# The Mathematical Reality of IP Addressin in IPv4...

If someone reads this, understands it, and wants to summarize, I'm sure
many of us would appreciate it. I attempted the first two pages and gave
up when my eyes started bleeding. It badly needs a technical writer to
re-do it.

-Jon

It needs more than that. After 5 minutes I realized that if this guy was an accountant we'd all be rich...and later thrown in jail after an audit was done.

-craig

You all are happy... for me the _good scientific language_ was the
problem too...

But all this looks like a joke... Except one idea _we don't use all
information keeping by the network masks_. Through it can improve the
routing hierarchy, but not the address range (which is from 0.0.0.0 to
223.255.254.254 wit a little exceptions). To increase address range
Internet shgould use extra bits for the address, foir example by using
two-level hierarchy schema (and it do this - by NAT translation, for
example, bits from the PORT field are used as the address space).

THe more interesting issue for me is _is it possible to use
Source-Routing_ for the hierarchical routing as well?

Through if someone translate this joke to the normal labguage, I'll
appreciate too -:). Good paper - for the evening hours...

Alex.

Through if someone translate this joke to the normal labguage, I'll
appreciate too -:). Good paper - for the evening hours...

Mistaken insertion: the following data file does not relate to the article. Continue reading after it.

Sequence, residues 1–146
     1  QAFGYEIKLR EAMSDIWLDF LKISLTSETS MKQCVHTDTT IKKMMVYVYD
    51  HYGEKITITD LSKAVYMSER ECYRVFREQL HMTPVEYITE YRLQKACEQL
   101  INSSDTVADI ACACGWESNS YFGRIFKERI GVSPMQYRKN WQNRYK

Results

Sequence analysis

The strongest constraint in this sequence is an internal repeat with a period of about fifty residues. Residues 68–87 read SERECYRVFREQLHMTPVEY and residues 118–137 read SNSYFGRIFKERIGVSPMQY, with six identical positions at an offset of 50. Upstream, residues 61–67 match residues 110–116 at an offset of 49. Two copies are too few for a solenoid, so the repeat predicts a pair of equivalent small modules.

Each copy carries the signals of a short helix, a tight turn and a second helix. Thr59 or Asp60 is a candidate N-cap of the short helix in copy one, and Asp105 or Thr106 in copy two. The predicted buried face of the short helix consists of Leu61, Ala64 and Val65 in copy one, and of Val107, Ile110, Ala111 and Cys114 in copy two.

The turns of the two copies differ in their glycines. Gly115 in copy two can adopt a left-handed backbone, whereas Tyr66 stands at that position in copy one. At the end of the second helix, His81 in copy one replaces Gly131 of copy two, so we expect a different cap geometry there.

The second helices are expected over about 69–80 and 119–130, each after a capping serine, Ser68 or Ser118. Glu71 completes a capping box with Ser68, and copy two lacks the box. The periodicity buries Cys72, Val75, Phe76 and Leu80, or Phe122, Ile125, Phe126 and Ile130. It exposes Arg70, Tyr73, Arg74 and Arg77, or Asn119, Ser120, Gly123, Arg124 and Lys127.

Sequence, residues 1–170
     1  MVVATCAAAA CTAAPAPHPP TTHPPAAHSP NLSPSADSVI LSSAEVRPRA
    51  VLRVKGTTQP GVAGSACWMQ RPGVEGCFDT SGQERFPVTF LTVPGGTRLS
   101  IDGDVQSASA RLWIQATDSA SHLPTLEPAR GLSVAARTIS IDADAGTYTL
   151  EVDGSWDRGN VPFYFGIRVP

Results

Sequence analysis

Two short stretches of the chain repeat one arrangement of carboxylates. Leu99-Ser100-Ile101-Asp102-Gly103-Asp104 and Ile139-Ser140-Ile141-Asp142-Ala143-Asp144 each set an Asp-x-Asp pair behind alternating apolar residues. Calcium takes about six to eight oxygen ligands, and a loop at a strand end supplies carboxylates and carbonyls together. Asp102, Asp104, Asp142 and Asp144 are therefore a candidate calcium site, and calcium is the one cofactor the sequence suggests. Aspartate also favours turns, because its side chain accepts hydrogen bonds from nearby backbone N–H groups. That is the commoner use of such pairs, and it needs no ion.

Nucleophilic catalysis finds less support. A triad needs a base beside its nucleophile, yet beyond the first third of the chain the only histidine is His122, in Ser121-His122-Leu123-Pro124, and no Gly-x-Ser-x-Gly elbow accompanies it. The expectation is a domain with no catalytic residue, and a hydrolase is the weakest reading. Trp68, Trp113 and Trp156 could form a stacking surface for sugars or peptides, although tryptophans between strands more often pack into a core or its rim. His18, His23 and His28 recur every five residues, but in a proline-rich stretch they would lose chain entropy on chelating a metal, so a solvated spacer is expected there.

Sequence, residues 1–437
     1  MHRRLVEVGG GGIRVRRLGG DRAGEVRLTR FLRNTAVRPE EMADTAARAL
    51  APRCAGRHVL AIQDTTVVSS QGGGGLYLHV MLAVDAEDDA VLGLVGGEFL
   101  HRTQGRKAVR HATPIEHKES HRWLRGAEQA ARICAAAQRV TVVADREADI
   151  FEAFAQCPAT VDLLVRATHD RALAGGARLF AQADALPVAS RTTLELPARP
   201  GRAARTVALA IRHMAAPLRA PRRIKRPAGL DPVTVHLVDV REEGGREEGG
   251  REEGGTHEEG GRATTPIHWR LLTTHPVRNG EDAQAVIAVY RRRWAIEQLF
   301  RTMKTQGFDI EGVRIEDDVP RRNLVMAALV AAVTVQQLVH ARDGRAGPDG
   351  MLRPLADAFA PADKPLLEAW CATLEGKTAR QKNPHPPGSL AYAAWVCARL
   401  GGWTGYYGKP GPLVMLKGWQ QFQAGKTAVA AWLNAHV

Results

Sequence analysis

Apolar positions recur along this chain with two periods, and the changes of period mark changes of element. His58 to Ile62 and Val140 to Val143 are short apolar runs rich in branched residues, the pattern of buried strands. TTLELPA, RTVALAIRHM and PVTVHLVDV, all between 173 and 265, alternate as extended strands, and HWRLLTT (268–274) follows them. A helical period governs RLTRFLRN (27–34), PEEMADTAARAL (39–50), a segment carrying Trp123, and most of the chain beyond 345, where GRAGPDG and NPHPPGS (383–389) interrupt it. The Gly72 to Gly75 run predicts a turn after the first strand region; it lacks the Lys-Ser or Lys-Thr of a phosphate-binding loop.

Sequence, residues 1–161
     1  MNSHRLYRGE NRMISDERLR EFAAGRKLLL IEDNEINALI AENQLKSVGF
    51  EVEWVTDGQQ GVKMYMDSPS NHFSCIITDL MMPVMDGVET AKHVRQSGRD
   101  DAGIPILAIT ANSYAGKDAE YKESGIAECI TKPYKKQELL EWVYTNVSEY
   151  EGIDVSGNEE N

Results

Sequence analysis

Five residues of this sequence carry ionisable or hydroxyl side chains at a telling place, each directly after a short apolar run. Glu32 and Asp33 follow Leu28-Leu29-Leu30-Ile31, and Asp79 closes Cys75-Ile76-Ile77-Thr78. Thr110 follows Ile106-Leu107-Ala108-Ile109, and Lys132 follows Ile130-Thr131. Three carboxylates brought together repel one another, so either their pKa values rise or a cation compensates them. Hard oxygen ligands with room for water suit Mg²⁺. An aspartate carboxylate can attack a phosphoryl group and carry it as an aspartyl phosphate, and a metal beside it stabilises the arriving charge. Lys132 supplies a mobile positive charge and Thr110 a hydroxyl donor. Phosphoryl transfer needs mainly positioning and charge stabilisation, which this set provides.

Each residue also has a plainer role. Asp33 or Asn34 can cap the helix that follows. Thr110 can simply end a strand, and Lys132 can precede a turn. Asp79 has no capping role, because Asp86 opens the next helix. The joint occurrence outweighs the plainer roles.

I DID look at it pretty deeply.

As far as I can tell the concept is basically this:

Today, we determine the network part of the address via ANDing the netmask
with the address. Thus, if we have (for simplicity sake) a classful B

10010000 00000001 00001000 00000011 in binary

11111111 11111111 00000000 00000000 in binary

You derive the network number by anding the two above, such as:

10010000 00000001 00000000 00000000

Or, in other words everyhting starting with 144.1 as the first two octets
is on the same network.

What this proposal appears to be proposing is to permit NON-CONTIGUOUS

Â Â 255.128.127.0

Or, in binary:

1111111111 10000000 01111111 00000000

Thus, the network number would actually consist of all 8 bits of octet
one, the first bit of octet two, the last 7 bits of octet 3 and none of
octed four.

Initially this seems like a good idea in that by allocating in this
fashion you can reuse bits over and over - that is, my host bits can be
your network bits and vice versa.

Assuming that netmask info was available end to end for both source and
destination addresses this would be a really cool idea.

However, the problem is that since the netmask is not available for
"destination" addresses at the source end, There is no way to determine
which bits mean what for proper routing. In addition, even if you did
provide that information at the source end, it would have to be passed on
with each packet through all the routers so they could uniquely identify
which of the multiple potential endpoints for a given destination address
that the packet is going to.

In all reality, I think that the IP address problem is solving itself.
The majority of the customers I deal with have a SINGLE ip address for all
of their internal machines. I have actually allocated LESS space than I
have reclaimed over the past year and a half from customers who have moved